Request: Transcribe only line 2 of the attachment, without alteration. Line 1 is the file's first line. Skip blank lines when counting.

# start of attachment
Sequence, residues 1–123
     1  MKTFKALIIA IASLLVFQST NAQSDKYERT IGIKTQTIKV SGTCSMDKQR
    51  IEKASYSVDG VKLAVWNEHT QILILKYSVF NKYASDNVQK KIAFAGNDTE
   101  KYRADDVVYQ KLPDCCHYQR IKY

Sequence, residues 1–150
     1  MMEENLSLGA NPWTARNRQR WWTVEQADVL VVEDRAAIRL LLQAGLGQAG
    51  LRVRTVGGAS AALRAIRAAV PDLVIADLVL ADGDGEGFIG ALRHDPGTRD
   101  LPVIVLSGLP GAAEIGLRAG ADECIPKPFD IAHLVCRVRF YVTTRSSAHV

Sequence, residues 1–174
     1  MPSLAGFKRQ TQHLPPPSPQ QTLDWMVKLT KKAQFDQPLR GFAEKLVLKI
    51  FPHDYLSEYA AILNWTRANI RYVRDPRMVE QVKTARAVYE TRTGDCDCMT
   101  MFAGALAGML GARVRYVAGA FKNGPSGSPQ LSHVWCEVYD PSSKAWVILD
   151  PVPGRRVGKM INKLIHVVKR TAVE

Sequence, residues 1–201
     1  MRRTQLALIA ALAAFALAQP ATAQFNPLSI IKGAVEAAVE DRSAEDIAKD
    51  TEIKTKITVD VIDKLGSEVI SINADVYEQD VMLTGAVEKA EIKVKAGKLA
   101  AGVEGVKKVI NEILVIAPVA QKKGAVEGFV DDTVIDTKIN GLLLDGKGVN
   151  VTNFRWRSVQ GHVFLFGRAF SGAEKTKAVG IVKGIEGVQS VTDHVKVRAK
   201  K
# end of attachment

     1  MKTFKALIIA IASLLVFQST NAQSDKYERT IGIKTQTIKV SGTCSMDKQR